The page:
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Caseythoughts Seems like a lot of small but significant things are bouncing around my brain like an old-fashioned pinball game, so my best bet is to keep to short shots across the bow. Or is that across the brow?

I must make a comment on the passing of Ruth Bader Ginsburg and the political firestorm created by her prospective replacement on the court. I may not have agreed with every pronouncement Ginsburg was associated with on the court, but that woman will be honored for a very long time in American history as the epitome of guts and persistence. Finishing first in her law school class and aiding a sick husband, she found that law firms didn’t wish to hire a woman, a real-world taste of discrimination on the basis of sex that helped launch one of the greatest career stories of modern America. The woman who will sit in her seat on the court will have an enormous task of equaling her vision, her brilliance, and her firm belief in justice for all. RIP RBG.

I would like to point out that there are a few historical parallels to this controversial appointment. One goes back to 1800, when John Adams lost a bid for a second term to Thomas Jefferson, although the electoral vote was initially a tie between Jefferson and Aaron Burr. This was a constitutional crisis in its own time. After the vote was decided in the House of Representatives, Adams did what was called a series of ‘midnight appointments’ to the federal courts on the last day of his term. This angered Jefferson and his supporters, since it was believed the appointments were Jefferson’s right as the newly elected president.

Not quite a parallel situation to our present controversy, but Jefferson’s quote was one that perhaps was apropos. He wrote: “It seemed but common justice to leave a successor free to act by instruments of his own choice.” Thus, the original controversy over court nominations between administrations began. It took a year, and fast legislative footwork, but Jefferson got his way, as the Federalist party shadow waned, then disappeared into history.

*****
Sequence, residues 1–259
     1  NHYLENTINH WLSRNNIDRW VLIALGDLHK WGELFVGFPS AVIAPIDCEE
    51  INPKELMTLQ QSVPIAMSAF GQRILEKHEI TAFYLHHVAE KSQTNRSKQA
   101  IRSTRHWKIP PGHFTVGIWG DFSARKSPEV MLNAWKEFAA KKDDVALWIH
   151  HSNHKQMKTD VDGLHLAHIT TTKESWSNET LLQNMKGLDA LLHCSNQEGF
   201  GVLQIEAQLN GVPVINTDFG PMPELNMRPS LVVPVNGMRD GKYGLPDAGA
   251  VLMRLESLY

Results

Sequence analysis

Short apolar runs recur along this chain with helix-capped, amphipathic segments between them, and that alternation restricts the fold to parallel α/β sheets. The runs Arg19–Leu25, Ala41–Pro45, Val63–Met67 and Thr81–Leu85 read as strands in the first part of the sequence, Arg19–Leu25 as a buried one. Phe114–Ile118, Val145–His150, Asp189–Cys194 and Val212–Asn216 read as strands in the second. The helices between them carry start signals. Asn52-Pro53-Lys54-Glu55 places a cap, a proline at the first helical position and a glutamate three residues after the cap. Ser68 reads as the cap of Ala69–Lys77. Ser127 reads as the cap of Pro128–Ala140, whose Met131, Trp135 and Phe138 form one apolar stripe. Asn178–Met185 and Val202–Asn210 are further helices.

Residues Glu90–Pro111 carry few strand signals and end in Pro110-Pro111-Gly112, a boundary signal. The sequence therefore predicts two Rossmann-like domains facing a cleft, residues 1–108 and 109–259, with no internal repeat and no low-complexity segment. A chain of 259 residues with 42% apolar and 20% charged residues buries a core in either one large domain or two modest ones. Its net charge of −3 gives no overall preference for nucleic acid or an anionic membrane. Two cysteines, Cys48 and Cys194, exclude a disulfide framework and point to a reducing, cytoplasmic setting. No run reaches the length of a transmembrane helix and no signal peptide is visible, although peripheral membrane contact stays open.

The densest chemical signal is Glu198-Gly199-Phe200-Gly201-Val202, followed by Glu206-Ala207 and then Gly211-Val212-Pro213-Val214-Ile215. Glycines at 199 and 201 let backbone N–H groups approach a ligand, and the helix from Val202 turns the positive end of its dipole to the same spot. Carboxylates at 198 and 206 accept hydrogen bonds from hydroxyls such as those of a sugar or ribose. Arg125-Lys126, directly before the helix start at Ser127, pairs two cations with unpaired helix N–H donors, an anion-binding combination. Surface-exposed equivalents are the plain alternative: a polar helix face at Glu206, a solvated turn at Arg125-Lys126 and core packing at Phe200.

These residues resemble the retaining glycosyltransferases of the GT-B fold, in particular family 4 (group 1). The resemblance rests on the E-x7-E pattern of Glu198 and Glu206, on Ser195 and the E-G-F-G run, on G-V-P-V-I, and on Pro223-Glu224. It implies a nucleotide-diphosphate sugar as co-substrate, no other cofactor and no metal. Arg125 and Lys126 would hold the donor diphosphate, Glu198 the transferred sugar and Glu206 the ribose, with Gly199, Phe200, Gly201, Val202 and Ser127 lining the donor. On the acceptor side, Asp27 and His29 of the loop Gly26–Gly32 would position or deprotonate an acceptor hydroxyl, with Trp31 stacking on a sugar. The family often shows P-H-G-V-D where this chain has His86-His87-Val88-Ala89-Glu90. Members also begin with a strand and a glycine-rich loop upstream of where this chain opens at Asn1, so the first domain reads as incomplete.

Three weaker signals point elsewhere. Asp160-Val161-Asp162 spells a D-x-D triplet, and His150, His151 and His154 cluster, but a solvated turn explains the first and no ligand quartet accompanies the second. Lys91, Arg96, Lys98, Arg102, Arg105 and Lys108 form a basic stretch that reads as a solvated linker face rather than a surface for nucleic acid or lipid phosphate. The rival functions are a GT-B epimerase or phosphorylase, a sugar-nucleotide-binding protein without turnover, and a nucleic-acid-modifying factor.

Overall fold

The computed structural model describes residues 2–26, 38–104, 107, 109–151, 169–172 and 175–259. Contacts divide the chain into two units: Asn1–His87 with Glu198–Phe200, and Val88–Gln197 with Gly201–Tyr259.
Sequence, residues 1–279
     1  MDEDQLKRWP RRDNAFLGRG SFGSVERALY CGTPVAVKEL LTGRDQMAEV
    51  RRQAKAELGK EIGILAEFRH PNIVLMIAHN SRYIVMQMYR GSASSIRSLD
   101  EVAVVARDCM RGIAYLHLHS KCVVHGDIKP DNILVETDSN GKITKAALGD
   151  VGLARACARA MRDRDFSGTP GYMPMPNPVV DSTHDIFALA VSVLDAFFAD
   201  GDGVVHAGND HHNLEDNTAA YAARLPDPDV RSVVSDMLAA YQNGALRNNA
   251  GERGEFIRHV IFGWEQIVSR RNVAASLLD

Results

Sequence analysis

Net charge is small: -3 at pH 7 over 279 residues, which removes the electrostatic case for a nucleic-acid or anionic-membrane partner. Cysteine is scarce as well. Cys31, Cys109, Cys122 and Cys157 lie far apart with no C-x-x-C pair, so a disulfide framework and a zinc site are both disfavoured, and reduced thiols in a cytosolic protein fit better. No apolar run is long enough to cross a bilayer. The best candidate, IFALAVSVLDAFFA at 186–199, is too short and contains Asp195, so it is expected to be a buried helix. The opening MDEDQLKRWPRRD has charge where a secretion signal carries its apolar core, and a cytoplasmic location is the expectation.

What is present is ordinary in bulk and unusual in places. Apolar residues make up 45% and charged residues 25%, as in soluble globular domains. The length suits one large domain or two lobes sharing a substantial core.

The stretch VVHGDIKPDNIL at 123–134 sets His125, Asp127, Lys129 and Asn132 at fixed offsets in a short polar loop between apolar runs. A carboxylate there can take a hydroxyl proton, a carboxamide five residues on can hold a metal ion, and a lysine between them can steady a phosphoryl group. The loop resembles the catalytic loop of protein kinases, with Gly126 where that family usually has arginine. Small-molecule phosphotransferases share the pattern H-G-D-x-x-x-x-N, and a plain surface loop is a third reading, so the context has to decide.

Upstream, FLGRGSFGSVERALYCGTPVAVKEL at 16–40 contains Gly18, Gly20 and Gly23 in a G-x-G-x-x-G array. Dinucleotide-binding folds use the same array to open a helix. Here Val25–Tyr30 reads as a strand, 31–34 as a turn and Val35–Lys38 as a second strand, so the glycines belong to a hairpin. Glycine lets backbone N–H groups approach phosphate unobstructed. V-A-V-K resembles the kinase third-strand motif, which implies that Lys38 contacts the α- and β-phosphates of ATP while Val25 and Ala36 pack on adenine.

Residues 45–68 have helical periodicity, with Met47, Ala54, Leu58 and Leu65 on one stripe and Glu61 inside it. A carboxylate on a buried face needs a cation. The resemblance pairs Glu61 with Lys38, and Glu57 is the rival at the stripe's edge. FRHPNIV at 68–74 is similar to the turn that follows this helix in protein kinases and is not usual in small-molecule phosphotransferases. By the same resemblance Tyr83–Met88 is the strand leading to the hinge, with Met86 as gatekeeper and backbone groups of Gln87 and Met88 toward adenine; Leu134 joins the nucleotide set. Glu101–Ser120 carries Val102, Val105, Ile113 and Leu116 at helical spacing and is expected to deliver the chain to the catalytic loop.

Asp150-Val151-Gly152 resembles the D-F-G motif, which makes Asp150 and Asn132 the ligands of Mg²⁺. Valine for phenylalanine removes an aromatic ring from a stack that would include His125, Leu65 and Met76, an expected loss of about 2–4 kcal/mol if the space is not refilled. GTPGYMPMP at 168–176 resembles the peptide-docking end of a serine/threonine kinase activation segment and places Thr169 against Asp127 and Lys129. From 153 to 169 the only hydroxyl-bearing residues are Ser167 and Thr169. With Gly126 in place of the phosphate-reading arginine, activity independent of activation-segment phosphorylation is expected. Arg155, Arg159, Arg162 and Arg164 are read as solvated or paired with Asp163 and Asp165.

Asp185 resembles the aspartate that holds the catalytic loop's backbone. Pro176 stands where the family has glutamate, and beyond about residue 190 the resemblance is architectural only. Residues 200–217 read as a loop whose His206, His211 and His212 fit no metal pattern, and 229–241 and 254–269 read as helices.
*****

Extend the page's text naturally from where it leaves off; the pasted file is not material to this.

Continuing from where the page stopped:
Now, one more story linking a recent local event with the Supreme Court. This is a tenuous connection, but one you might find interesting.

The defacement of the American flag at IPD last week was, in my humble opinion, a shameful act, which even the mayor stated, “was clearly meant to provoke” and “outside the bounds”.

I will first state that those who are angry have a right to be, since that opinion is as protected as the act of burning the flag. Yes it is, and I don’t really want to hear anyone say ‘people died for that flag’. I have to tell you that if I personally went to war for anything, it was for the freedom that flag represents, not the flag itself. As a fellow Vietnam vet once cynically told me after his first firefight, he “realized I wasn’t fighting for no flag, but just to stay alive”, and he’s right about that.

Burning the flag is a constitutional right, affirmed by a 1989 Supreme Court decision. I have an anecdote about that decision that looks back to the tenuous connection I spoke of. Amy Coney Barrett was one of Antonin Scalia’s favorite law clerks. Scalia wrote the dissent in that 1989 flag burning case, arguing against the majority that flag desecration was not a First Amendment right, in his opinion. The story goes that the morning after that decision became public, he came down to his kitchen to find his wife loudly humming “It’s a grand old flag, it’s a high flyin’ flag”, just to irk him.

Trump may have a perfect constitutional right to nominate a replacement prior to the most controversial election in our modern history, but it is indicative of his character that he would ignore the dictum ‘do the right thing’. Apparently, the current motto in the White House has been stolen from the Zuckerberg crown jewels: “move fast and break things”. Surely this is another reason to find a replacement for the chief executive. Maybe then prosecutors can, in the whispered words of Deep Throat, “Follow the money.”

Please make sure you’re registered to vote. Take care of each other. Thanks for listening.

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